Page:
In addition to the above highlights, we have also been making continuous improvements and additions to the Sandmark benchmarking test infrastructure. The various ongoing and completed tasks are provided below for your reference.

Multicore OCaml

Ongoing

  • ocaml-multicore/ocaml-multicore
    Promote Multicore OCaml to trunk

    The rebasing of Multicore OCaml from 4.06 to 4.10 is being worked, and we are now at 4.09! In a few weeks, we expect to complete the rebase to the latest trunk release.

  • ocaml-multicore/eventlog-tools:
    OCaml Eventlog Tools

    A project that provides a set of tools for runtime tracing for OCaml 4.11.0 and higher has been created. This includes a simple OCaml decoder for eventlog’s trace and a built-in chrome converter tool.

  • ocaml-multicore/domainslib#5
    Add parallel_scan to domainslib

    A parallel_scan implementation that uses the Task API with prefix_sum and summed_area_table has now been added to the Domain-level Parallel Programming library for Multicore OCaml (domainslib) library.

Completed

The following PRs have been merged into Multicore OCaml and its ecosystem projects:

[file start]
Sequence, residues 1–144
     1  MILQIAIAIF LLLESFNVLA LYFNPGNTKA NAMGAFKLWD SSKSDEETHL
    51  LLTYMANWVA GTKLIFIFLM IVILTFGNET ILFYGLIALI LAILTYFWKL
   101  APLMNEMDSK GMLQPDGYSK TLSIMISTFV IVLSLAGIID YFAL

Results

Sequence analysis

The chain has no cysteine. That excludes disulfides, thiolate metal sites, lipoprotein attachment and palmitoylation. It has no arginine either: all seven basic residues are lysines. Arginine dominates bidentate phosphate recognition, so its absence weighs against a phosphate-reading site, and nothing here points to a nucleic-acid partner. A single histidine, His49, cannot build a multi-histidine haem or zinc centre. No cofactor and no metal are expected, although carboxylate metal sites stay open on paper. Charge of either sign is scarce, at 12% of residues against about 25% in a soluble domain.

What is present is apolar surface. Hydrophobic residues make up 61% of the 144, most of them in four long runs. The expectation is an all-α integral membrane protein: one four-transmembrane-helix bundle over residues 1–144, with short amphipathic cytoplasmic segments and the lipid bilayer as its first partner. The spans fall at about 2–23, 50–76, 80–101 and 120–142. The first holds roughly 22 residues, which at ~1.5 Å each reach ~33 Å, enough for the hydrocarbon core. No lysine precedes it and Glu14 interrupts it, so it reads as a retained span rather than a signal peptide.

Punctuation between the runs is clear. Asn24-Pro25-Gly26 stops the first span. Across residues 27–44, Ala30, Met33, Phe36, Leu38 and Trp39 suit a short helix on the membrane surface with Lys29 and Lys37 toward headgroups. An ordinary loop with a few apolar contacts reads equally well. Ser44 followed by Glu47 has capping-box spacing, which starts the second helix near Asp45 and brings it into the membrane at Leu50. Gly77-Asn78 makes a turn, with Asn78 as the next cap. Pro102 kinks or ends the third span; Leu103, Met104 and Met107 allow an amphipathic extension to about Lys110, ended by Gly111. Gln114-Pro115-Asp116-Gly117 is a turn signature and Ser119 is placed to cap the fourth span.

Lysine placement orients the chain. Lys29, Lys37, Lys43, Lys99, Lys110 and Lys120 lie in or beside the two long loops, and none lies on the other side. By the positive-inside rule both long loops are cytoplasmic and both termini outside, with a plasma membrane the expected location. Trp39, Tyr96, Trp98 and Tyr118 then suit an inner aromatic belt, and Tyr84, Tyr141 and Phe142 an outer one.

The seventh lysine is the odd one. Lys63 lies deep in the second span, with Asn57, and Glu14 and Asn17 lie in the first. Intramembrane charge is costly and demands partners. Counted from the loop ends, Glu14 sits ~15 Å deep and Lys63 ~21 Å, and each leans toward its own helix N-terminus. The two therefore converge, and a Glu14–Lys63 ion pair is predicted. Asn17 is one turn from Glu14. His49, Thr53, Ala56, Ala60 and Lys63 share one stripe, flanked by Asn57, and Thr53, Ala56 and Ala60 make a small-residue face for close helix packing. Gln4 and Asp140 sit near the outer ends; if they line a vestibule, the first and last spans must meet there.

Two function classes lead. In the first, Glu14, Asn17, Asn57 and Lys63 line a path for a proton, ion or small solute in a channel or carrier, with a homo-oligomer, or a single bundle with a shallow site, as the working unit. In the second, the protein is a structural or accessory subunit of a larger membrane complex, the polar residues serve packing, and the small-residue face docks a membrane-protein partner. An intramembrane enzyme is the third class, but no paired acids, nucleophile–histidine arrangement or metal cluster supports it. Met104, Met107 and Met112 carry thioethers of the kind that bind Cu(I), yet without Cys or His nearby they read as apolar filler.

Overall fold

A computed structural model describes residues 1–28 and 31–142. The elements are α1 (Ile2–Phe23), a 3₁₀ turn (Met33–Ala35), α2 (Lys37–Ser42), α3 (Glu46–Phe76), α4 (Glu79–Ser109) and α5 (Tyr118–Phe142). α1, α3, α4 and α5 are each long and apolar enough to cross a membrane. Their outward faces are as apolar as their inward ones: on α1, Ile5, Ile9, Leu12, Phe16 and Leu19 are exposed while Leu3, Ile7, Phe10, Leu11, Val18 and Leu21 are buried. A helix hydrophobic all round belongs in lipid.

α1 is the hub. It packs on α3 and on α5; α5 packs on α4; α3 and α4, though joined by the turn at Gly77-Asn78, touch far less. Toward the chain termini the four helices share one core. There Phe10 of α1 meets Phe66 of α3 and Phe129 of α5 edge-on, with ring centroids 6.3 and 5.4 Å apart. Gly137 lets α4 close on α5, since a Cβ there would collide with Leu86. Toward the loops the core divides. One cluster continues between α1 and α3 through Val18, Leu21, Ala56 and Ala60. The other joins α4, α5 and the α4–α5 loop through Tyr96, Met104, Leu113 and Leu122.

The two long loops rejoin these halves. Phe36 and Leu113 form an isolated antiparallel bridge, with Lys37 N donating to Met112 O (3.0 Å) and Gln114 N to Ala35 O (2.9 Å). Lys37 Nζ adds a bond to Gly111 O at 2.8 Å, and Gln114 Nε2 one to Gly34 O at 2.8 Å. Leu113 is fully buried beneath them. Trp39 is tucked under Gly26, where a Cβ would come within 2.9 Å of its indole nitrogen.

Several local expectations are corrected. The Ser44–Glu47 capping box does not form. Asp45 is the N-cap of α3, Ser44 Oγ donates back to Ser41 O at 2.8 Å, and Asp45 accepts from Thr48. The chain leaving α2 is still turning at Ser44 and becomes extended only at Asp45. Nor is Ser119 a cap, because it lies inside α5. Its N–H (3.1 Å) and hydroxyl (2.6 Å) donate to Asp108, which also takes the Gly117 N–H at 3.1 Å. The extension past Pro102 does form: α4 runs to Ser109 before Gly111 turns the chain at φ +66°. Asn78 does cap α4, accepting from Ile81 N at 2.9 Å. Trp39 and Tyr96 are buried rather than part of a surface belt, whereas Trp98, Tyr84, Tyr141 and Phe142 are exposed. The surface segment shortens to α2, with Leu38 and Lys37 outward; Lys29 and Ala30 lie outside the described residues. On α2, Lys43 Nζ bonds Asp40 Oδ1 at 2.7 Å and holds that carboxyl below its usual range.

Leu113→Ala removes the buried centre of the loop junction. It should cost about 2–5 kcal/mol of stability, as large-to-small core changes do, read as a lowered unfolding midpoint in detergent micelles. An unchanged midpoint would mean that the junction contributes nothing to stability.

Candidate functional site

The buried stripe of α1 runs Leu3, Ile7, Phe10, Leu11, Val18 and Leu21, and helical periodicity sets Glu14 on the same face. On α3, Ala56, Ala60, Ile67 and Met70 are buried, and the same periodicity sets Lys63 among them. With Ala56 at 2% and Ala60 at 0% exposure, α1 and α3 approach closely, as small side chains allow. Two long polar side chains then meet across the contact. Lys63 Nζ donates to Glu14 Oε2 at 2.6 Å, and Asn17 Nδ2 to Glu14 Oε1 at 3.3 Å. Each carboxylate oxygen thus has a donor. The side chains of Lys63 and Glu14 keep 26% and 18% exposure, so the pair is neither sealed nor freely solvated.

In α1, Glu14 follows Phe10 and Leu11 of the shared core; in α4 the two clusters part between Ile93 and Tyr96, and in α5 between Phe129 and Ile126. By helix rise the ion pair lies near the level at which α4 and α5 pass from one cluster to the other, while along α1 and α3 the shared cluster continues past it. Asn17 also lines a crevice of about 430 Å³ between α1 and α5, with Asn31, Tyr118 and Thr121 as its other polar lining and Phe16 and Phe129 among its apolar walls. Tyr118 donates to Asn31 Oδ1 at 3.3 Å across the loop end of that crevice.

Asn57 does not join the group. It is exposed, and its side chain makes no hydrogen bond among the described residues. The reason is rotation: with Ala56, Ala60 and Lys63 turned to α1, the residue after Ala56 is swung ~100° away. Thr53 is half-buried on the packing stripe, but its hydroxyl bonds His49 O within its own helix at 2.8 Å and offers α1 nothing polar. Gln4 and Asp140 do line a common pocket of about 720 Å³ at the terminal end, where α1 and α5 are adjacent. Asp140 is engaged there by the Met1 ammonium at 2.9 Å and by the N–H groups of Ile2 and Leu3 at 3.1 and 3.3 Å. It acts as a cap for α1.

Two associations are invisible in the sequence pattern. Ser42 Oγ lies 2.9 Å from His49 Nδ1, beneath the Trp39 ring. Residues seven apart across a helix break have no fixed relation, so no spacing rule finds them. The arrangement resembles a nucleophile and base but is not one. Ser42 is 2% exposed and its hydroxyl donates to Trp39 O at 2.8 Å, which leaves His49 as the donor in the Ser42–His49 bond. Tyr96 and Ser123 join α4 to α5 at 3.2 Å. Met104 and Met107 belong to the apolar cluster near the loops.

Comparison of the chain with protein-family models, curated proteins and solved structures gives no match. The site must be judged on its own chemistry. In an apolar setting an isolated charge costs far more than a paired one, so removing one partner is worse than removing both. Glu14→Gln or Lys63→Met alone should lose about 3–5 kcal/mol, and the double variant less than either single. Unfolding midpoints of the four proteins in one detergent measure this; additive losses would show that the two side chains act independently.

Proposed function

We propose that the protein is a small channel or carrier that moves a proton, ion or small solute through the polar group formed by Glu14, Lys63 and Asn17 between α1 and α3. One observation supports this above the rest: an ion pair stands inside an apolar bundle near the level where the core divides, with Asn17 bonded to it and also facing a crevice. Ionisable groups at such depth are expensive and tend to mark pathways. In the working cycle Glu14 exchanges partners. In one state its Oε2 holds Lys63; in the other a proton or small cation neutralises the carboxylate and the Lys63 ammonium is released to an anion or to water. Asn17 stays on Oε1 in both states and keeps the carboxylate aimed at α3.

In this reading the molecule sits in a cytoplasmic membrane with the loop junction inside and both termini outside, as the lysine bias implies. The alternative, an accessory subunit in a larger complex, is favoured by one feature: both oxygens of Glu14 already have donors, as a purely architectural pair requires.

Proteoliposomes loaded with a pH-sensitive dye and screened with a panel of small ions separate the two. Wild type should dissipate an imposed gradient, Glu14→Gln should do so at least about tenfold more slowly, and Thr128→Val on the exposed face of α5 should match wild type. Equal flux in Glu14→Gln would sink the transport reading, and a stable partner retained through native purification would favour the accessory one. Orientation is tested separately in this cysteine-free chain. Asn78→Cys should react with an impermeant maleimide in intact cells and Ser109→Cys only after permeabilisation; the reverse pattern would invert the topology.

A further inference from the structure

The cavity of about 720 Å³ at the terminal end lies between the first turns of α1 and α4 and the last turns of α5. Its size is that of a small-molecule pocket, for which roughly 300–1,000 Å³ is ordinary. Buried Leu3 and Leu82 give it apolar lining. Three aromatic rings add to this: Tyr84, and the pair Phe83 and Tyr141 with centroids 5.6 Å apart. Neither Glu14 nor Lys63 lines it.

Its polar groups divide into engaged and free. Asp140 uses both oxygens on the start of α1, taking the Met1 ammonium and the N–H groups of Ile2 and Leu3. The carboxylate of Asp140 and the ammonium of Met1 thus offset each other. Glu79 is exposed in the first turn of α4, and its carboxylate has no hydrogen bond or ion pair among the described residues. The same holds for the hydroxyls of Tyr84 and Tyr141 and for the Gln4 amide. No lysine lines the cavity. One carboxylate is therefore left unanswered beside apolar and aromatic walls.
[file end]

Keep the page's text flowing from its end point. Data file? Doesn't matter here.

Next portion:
• ocaml-multicore/ocaml-multicore#328
    Multicore compiler with Flambda

    Support for Flambda has been merged into the Multicore OCaml project repository. The translation is now performed at cmmgen instead of lambda for clambda conversion.

  • ocaml-multicore/ocaml-multicore#324
    Optimizing a Multicore program

    The following documentation provides a detailed example on how to do performance debugging for a Multicore program to improve the runtime performance.

  • ocaml-multicore/ocaml-multicore#325
    Added eventlog_to_latencies.py script

    A script to generate a latency report from an eventlog has now been included in the ocaml-multicore repository.

  • ocaml-multicore/domainslib#4
    Add support for task_pools

    The domainslib library now has support for work-stealing task pools with async/await parallelism. You are encouraged to try the examples.

Benchmarking

A number of new benchmarks are being ported to the Sandmark performance benchmarking test suite.

  • ocaml-bench/sandmark#104
    Added python pip3 dependency

    A check_dependency function has now been defined in the Makefile along with a list of dependencies and pip packages for Ubuntu. You can now run make depend prior to building the benchmark suite to ensure that you have the required software. The python3-pip package has been added to the list of dependencies.

  • ocaml-bench/sandmark#96
    Sandmark Analyze notebooks

    The setup, builds and execution scripts for developer branches on bench2.ocamllabs.io have been migrated to winter.ocamllabs.io.